9 – Walk Along the Grijalva River
Perhaps the “hermosa” (beautiful) part of Villahermosa comes from the number of parks, lakes and rivers there are in the city centre.
If you have time for one last activity in Villahermosa, take a walk along the Grijalva River’s eastern bank. You can cross the river via the wordily-named Puente Peatonal Manuel Pérez Merino (formerly the Puente Solidaridad) near the Plaza de Armas.
On the far side, you’ll find a wide esplanade and a cycle lane. Between the walkway and the river is a long area of parkland with a gravel path winding between lush tropical trees and flowers.
There was also a new esplanade being built on the city-side bank when I visited, so soon you’ll be able to walk a circuit along both sides of the river.
Where to Eat in Villahermosa
Antigua Cafe – a cute little spot for breakfast or lunch with decent coffee and a nice view of the Obelisco Plaza. I loved the house special Cappucino Antigua.
Cafe del Correo – OK coffee and very friendly service in the heart of the Zona Luz.
La Cevicheria Tabasco – I already mentioned this one above. Great restaurant with fresh ceviche (including vegan options) and excellent service.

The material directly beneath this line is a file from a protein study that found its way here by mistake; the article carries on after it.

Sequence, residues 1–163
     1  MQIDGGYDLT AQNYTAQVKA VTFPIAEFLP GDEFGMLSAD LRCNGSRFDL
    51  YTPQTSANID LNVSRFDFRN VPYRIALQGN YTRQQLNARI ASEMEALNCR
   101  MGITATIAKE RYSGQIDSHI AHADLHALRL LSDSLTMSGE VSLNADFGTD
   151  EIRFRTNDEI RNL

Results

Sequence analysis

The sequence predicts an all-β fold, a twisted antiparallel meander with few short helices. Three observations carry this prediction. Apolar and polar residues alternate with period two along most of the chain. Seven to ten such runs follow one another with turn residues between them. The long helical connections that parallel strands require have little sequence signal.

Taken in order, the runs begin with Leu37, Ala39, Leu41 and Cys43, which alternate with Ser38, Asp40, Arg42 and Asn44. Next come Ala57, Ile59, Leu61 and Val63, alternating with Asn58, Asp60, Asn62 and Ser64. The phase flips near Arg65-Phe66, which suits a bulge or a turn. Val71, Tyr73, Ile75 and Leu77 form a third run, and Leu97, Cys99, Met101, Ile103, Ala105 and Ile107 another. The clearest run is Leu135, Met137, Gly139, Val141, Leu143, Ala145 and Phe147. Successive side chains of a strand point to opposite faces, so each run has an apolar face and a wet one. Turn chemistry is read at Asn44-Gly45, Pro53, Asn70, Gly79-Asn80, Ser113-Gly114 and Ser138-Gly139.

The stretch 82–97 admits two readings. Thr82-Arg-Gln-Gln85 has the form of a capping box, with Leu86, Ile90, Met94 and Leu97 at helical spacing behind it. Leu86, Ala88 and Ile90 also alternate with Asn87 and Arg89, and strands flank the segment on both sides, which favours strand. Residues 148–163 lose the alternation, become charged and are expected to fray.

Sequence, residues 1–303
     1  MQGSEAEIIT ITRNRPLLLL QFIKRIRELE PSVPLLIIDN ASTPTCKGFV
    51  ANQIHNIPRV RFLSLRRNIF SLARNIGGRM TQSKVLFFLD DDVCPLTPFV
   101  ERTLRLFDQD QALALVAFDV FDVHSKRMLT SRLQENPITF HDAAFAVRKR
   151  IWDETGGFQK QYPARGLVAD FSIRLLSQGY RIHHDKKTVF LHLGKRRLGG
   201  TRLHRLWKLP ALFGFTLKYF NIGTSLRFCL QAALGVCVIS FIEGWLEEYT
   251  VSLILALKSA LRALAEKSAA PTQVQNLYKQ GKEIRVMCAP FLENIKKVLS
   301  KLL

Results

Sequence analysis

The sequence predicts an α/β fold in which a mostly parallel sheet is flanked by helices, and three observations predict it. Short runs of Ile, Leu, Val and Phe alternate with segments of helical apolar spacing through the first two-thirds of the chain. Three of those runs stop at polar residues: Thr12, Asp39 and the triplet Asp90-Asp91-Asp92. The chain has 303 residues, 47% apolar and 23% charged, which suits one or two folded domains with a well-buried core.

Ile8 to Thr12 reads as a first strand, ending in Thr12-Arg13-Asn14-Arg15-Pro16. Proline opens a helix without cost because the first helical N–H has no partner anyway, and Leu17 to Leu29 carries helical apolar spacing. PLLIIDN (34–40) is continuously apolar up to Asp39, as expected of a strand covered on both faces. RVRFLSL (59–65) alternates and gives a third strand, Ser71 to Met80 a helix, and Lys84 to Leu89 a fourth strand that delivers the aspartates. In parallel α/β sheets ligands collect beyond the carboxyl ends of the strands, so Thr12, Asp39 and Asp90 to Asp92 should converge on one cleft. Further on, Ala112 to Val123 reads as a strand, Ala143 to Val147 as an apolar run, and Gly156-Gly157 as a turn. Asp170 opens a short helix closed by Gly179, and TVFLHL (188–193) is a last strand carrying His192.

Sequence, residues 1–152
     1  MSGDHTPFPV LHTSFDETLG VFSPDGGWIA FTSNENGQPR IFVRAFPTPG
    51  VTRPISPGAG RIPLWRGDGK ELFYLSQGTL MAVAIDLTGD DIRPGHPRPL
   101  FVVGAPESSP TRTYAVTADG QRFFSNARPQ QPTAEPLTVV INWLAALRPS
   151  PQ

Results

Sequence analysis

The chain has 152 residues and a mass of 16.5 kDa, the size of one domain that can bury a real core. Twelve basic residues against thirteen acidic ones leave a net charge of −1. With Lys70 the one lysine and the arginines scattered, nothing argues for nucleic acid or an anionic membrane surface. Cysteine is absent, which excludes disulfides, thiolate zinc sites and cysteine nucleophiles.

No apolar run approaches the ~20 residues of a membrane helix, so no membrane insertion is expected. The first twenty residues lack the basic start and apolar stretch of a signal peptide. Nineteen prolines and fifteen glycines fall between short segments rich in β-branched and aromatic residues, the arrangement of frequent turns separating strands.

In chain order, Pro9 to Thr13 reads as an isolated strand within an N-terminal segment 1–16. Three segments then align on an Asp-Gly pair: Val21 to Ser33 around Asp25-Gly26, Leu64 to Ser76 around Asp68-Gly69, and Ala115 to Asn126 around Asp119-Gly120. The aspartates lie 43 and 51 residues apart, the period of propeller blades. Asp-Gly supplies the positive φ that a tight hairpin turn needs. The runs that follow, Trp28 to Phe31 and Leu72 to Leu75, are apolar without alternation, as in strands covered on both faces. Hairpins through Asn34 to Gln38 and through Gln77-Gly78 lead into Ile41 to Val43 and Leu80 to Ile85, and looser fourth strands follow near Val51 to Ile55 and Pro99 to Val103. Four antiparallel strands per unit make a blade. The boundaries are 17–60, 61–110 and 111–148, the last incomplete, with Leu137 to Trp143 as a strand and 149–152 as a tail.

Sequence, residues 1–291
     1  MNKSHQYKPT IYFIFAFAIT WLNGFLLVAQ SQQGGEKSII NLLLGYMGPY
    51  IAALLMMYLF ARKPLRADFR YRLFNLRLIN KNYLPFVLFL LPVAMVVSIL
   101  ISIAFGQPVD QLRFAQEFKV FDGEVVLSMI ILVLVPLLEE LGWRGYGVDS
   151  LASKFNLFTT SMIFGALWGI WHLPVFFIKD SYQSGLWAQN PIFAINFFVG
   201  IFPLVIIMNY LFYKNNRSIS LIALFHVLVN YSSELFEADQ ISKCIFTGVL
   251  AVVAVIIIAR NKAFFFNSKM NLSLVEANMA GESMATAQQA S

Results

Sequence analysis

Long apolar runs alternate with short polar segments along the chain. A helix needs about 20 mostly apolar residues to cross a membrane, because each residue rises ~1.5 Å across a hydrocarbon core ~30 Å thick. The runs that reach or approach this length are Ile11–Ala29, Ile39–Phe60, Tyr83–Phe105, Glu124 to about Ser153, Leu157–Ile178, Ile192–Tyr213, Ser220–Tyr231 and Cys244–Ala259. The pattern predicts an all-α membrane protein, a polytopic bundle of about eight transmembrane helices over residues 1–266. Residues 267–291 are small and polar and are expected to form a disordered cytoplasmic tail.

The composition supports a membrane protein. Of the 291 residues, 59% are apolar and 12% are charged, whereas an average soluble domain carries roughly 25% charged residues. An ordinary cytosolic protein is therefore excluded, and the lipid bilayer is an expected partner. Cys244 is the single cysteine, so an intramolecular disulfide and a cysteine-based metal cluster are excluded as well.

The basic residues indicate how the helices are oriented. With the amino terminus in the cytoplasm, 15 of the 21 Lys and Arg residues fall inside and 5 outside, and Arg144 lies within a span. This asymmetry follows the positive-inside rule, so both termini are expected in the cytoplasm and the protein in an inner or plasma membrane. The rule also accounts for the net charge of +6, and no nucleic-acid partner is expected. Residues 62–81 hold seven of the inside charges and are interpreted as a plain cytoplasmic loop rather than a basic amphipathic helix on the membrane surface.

If you find any more great places to eat in Villahermosa, leave a comment to let me know and I’ll add them in!
More Day Trips from Villahermosa
- La Venta – Visit the archaeological site of an ancient Olmec city from between 1200 and 400 BC. It’s about a 1.5-hour drive from Villahermosa, or you can take a bus or colectivo from outside the ADO station.
- Chichonal Volcano – Hike into the Chiapas mountain range to reach the top of a volcano for a view of the emerald-green lake inside the caldera.
- Villaluz Waterfalls and Tapijulapa “Magic Town” – rappel and zipline over waterfalls, visit a cave, and visit the Pueblo Magico of Tapijulapa. If you don’t want to book a tour, it’s also possible to visit both of these spots by driving. You should also be able to get to Tapijulapa by bus and colectivo (connecting in Jalapa) but it looks like a tricky journey.
- Pantanos de Centla – A Biosphere Reserve and extensive wetland region in Tabasco. Take a tour to see local wildlife.
- Palenque – the famous Mayan ruins of Palenque in Chiapas state are just over two hours from Villahermosa. You can get there by bus, and take a colectivo straight to the ruins from outside the ADO station – although personally, I think it’s worth spending at least a night in Palenque before returning. You can also take a day tour to Palenque from Villahermosa which includes a guided tour of the ruins.